STEVENSTEVEN’s Steve Burns was an aspiring musician before he ever starred on Nickelodeon’s hit TV series Blue’s Clues. At some point in junior high school, he discovered seminal rock albums like The Smiths’ Strangeways, Here We Come, Fugazi’s 13 Songs and The Jesus and Mary Chain’s Darklands. From then, he realized that he wanted to do that—whatever “that” meant—with music, too.
Last month, Burns released his first full-length record with Steven Drozd of The Flaming Lips, a psychedelic romp through childlike imagination called Foreverywhere . Although the two had met in the early-2000s when Burns was recording his first album of original music at a studio in upstate New York owned by The Lips’ producer Dave Fridmann, this project was only finalized recently, after years of back-and-forth collaboration.
After a hilariously fun session in our New York studio, we caught up with STEVENSTEVEN on everything from “lonely unicorns” to child psychology.
You told us in your amazing Paste Studio Session that you two have known each other for years. How did you originally meet?
Steve Burns: I knew a guy who knew a guy who knew Lips producer Dave Fridmann. I essentially worshipped The Soft Bulletin at that time and had a few demo songs and somehow, unimaginably, found the nerve to send them along for a listen. Dave heard them and called me and asked if I’d want to work on a few of them with Steven. I pretty much ran from Brooklyn to Fredonia, New York. I couldn’t believe it. I was kind of afraid to meet Steven, honestly, but we were instant pals.
Steven Drozd: That’s pretty much it. We hit it off immediately and I remember being pleasantly surprised at how unguarded I instantly felt. Feeling unguarded when trying to make art is a very valuable thing, so I made a note to myself that this guy would be someone to look forward to.
Steven, you mentioned your kids grew up with these songs as you guys were writing and testing. Did they grow up with Blue’s Clues? Did their preferences serve as a measure for success for these songs?
Drozd: The beginning of the project was me being more focused on trying to help Burns on “I Hog The Ground” and I wasn’t necessarily thinking of my own kid(s). My son Daniel was born in 2005 and my daughter Charlotte in 2008, so…by the time we were in full swing of the project I definitely thought of them and their reactions to all of the stuff as we were making it.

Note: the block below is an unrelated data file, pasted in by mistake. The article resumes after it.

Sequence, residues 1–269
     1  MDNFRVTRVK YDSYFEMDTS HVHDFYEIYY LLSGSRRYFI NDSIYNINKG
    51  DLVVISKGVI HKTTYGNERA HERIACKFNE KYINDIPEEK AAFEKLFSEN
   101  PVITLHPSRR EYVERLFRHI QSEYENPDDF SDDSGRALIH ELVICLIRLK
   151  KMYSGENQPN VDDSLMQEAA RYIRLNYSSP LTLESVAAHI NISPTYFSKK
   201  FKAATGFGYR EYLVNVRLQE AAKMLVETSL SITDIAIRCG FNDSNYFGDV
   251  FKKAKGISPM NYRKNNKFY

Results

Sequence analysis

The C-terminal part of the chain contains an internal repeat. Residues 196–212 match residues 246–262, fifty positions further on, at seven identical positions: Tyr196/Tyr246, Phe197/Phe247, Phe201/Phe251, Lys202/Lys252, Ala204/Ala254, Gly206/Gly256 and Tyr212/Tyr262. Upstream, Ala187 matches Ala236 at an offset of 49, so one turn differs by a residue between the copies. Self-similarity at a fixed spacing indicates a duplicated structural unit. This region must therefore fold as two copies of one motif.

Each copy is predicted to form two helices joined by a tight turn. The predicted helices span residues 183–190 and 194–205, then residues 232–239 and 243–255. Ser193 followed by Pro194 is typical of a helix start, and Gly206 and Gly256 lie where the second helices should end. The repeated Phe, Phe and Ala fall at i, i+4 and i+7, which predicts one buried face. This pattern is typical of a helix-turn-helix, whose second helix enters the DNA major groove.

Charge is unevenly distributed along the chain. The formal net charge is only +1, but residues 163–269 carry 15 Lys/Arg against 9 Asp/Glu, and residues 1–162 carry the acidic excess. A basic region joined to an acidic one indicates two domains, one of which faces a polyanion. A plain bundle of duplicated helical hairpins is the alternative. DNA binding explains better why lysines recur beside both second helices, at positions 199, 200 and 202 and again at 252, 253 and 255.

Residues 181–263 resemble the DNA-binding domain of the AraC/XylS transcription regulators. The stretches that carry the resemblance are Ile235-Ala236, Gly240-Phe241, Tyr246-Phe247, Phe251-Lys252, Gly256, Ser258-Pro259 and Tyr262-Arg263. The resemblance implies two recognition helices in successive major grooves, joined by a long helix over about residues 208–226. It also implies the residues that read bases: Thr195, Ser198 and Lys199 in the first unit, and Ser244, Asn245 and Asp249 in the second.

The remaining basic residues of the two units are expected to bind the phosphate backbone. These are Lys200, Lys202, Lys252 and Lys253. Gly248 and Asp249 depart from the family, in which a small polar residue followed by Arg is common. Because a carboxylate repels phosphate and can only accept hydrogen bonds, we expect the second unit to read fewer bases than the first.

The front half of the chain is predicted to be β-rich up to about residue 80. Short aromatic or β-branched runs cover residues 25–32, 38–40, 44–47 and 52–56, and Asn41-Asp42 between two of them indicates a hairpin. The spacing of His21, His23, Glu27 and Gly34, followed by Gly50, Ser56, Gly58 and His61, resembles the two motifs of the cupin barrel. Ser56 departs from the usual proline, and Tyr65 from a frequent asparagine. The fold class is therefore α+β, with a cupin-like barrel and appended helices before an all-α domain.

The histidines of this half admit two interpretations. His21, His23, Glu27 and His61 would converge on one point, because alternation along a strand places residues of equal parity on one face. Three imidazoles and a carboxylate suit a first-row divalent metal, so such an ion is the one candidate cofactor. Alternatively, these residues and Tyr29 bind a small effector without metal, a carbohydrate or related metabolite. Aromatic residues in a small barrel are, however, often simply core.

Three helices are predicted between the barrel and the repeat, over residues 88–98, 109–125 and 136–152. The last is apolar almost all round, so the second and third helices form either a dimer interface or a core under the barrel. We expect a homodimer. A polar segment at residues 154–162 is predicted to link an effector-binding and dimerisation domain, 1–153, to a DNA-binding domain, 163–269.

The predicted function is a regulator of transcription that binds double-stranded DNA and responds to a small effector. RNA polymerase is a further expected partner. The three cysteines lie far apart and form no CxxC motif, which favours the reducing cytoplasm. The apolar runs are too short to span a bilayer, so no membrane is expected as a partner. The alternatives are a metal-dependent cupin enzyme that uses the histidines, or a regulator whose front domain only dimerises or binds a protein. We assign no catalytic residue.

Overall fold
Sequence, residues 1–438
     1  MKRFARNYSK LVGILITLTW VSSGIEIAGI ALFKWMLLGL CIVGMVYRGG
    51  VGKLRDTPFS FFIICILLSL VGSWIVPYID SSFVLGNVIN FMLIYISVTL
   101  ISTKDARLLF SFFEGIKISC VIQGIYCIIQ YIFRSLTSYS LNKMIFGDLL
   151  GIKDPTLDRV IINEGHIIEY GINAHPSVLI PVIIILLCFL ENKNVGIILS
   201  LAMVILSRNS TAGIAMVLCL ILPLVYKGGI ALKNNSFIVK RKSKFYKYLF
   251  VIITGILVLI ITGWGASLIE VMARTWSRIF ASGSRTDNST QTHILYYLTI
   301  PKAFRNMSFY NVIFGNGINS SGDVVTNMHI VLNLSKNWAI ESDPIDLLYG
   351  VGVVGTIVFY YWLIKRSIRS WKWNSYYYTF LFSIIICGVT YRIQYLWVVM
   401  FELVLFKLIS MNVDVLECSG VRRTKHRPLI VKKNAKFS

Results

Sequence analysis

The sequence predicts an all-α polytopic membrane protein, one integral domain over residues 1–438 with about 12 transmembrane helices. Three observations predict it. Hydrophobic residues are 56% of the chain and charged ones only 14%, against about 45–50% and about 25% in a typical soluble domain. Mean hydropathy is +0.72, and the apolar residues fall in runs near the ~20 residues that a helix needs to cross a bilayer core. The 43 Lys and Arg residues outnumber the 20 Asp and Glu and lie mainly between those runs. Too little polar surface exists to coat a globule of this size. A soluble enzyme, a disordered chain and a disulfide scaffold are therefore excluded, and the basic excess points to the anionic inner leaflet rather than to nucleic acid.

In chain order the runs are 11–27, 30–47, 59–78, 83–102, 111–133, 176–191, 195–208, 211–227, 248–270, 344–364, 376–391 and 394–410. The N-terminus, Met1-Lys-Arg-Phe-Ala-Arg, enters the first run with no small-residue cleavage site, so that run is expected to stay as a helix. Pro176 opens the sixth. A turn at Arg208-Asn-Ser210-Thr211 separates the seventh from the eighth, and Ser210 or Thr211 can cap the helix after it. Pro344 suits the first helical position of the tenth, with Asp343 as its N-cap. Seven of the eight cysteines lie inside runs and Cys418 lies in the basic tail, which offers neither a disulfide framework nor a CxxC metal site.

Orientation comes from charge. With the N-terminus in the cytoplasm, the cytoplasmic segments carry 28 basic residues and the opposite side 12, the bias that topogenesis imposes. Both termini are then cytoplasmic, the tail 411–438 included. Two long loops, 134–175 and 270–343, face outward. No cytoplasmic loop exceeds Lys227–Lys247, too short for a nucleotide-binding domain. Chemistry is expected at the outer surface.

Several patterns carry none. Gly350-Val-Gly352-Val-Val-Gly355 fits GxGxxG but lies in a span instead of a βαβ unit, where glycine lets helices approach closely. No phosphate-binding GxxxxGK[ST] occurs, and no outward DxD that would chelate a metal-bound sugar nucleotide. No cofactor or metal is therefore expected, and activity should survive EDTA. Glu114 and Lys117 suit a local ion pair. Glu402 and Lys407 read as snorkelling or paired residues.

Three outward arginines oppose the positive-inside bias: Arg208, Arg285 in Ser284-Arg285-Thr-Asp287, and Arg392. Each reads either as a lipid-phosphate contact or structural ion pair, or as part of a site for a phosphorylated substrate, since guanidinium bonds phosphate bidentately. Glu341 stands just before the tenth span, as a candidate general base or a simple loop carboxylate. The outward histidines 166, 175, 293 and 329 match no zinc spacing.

Both of my kids loved Blues Clues, but they also watched 10 other shows (like Laurie Berkner, WonderPets and Little Bear), so I felt like I knew what the competition was! Gosh I could go on and on! But back to your question, it was wonderful to know that I was going home and playing this music for them. Daniel doesn’t remember now but when we were working on “If You’re Ginormous And You Know It” with Rick The Giant, he would go insane when he heard Rick’s voice. It’s funny he has no recall of that!
How and when did you come up with the concept for Foreverywhere?
Burns:** I knew I wanted to do something narrative, if possible. We wrote “The Unicorn and Princess Rainbow” and that idea seemed like it could really span a whole album—a forgotten mythical creature who is now all alone and decides to spend the rest of eternity looking for love. Hmmm…interesting [feigns calling therapist].
Drozd: This is where I am pleased and very thankful that I am more the musical focus and less the cerebral/lyrical/concept person! Burns had come up with Foreveryone, which I thought was fantastic already- then a few weeks later he called, very excited and wanted to change it to Foreverywhere, splitting and combining “forever” and “everywhere” that really seemed to me to capture some essence of all the different characters and stories on the record. I’ve loved it since the first time I saw it/heard it.